Twin study: how the human body adapts to space
26 April 2019 | Written by Alberto Laratro
The results of the Twin study are out, the research that saw two twin astronauts, one in orbit, one on earth, protagonists in creating the most thorough study of what happens to the human body during a prolonged stay in space
Human presence in space is constantly growing. Different players, governmental and private, look beyond the horizon of our planet in search of knowledge, challenges, and resources. China has its own space station, the Tiangong-2, the ISS, the international outpost in low Earth orbit is soon to celebrate 20 years of human permanence in space, the Moon in the coming decades could accommodate, in orbit and on the surface, different bases, and efforts to bring man to Mars – we are talking about long journeys – are gradually intensifying.
Two twins in comparison. To be sure of being able to win all the challenges we will face, it is vital to understand how humans react to weightlessness for long periods. NASA, through the Human Research Program, has been trying for years to understand what changes take place in the human body in a confined, weightless and radioactive environment like a spaceship on a journey to another planet. The sum of this research has seen two twins, Scott and Mark Kelly, both astronauts, share a common goal for a year, 400 km away from each other, the same distance that in horizontal is between Milan and Rome, but with decidedly more substantial differences than those between the “Madunina” and the Colosseum. Scott floated in orbit aboard the ISS for 342 days, Mark on Earth to be his brother’s control. Both were constantly monitored so we could find out what changes take place in the human body during and after a prolonged stay in space.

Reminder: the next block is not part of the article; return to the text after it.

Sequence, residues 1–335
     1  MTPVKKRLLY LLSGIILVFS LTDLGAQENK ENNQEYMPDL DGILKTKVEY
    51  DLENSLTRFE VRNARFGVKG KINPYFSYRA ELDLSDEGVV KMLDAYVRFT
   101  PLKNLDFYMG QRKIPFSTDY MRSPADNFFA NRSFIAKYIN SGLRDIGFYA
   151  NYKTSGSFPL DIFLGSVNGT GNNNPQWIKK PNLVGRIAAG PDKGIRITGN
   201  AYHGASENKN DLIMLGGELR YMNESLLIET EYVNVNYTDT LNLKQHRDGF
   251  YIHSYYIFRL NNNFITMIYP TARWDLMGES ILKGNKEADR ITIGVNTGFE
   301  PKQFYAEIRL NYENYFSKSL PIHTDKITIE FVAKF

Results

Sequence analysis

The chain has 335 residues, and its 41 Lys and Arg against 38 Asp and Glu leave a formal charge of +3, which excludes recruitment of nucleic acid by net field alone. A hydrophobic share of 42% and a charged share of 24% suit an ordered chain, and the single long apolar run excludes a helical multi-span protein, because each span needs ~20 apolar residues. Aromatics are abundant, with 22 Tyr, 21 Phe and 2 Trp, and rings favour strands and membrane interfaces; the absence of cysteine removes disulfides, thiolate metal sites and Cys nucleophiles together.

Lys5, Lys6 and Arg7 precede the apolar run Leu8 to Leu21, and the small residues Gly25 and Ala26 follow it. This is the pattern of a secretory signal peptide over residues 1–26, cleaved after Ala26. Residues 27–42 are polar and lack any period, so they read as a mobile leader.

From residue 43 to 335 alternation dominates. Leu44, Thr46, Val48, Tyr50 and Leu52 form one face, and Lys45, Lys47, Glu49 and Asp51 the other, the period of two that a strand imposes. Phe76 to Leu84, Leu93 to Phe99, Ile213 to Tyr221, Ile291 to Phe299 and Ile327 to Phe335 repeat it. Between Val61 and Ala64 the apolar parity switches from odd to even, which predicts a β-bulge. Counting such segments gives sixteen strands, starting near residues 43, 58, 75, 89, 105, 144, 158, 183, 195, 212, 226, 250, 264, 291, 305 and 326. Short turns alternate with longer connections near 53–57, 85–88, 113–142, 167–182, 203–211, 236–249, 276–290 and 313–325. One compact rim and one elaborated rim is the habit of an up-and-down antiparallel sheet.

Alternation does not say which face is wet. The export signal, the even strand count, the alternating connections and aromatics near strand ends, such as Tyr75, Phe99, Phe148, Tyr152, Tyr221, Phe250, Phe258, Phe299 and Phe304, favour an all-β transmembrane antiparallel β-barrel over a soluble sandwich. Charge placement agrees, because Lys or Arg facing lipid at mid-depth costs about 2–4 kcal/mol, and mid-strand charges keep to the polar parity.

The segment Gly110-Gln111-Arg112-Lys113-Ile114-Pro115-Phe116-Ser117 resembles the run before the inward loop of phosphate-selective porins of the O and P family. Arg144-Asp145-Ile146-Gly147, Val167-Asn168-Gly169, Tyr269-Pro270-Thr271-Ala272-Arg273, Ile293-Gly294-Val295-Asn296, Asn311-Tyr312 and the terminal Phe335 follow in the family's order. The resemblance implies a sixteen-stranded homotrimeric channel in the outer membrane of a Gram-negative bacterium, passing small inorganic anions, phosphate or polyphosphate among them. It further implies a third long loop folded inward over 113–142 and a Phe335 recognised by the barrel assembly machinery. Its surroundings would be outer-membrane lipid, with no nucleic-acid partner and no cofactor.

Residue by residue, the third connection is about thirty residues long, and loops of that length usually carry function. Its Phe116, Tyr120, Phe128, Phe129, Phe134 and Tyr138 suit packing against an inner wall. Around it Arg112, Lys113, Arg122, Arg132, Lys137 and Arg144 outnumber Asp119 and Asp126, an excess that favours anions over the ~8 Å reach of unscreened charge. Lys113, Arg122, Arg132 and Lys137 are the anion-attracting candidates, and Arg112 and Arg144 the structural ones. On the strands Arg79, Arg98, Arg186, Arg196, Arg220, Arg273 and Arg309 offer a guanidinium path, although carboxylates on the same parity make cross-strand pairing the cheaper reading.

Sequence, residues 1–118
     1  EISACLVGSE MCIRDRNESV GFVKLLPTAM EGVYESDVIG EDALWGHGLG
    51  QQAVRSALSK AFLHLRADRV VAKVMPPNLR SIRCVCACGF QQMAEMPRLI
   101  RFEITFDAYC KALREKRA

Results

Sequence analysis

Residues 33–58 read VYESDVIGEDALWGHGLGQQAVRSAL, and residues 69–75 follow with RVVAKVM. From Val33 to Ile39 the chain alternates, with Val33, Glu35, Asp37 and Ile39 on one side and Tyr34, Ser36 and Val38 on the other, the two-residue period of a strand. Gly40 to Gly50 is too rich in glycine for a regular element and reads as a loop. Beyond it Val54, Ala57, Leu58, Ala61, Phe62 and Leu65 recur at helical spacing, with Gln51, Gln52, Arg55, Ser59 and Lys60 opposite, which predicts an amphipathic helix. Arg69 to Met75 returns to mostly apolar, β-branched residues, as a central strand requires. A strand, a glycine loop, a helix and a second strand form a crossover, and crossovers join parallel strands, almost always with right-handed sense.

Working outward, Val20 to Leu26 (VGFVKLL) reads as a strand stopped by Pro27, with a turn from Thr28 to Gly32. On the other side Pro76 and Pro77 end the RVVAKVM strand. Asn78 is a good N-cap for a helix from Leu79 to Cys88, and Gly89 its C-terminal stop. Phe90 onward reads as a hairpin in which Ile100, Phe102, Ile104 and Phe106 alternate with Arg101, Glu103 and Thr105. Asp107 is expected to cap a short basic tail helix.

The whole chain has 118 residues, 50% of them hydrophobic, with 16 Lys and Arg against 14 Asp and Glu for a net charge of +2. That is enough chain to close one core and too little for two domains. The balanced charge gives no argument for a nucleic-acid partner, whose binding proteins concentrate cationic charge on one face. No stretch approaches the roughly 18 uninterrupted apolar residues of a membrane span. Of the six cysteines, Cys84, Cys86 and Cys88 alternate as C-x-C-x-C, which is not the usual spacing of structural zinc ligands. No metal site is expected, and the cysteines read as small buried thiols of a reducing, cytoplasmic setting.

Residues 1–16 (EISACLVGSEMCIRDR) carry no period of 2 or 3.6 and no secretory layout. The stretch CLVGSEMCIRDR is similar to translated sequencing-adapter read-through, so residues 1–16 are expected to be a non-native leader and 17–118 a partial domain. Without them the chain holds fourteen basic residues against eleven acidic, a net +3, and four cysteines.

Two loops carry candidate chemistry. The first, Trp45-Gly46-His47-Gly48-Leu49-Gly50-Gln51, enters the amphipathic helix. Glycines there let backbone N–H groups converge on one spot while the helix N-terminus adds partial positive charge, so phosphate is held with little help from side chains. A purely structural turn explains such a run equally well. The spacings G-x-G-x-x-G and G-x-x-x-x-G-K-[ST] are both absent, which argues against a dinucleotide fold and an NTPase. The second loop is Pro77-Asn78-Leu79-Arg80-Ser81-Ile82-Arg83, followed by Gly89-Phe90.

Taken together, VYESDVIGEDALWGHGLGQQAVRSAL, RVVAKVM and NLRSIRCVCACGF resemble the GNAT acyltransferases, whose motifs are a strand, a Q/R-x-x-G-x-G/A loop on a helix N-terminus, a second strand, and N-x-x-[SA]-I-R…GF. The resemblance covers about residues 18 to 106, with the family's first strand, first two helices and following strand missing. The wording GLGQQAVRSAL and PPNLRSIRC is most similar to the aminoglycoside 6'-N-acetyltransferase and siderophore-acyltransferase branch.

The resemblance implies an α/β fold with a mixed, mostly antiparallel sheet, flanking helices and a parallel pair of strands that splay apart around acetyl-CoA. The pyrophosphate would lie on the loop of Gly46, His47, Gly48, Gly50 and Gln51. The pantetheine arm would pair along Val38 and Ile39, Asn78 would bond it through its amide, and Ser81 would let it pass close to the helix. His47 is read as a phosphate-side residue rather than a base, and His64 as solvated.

The tests. After 3 years of analysis of the numerous data collected, the results of the longest human experiment outside the earth’s atmosphere have been published, with interesting, surprising and reassuring results. 10 teams focused on as many aspects of Scott’s state, comparing them with Mark’s.
– Telomeres: at the end of each DNA strand there are telomeres, a special part of our genetic code positioned at its extremes and that protects the chromosome from deterioration or fusion with neighboring chromosomes, a bit like the plastic cylinders at the end of shoelaces prevent them from flaking off. The role of telomeres in DNA aging and replication is of great interest for sector studies and the “Twin study” is no exception. Scott’s telomeres during the period in orbit were 14% longer than those of his brother. A discovery that increases interest in this part of our genetic code. Once back on Earth, however, their length, within just 48 hours, has returned to standard values.
– Immune system: find out if and how the immune system is influenced by space flights is of fundamental importance and the results obtained are encouraging. Scott underwent 3 vaccinations, one before, one during (the first vaccination in space) and one after the flight. In all cases, Scott’s immune system reacted correctly, good news especially in the future of long journeys where diseases could be problematic.
– Gene expression: the process that allows DNA to form proteins has undergone some changes in Scott, changes that for the most part have returned to normal within 6 months of returning to Earth. These changes are believed to have occurred due to radiation. These results will be very useful for understanding how the human body adapts to stressful environments and will help researchers better understand human physiology in space.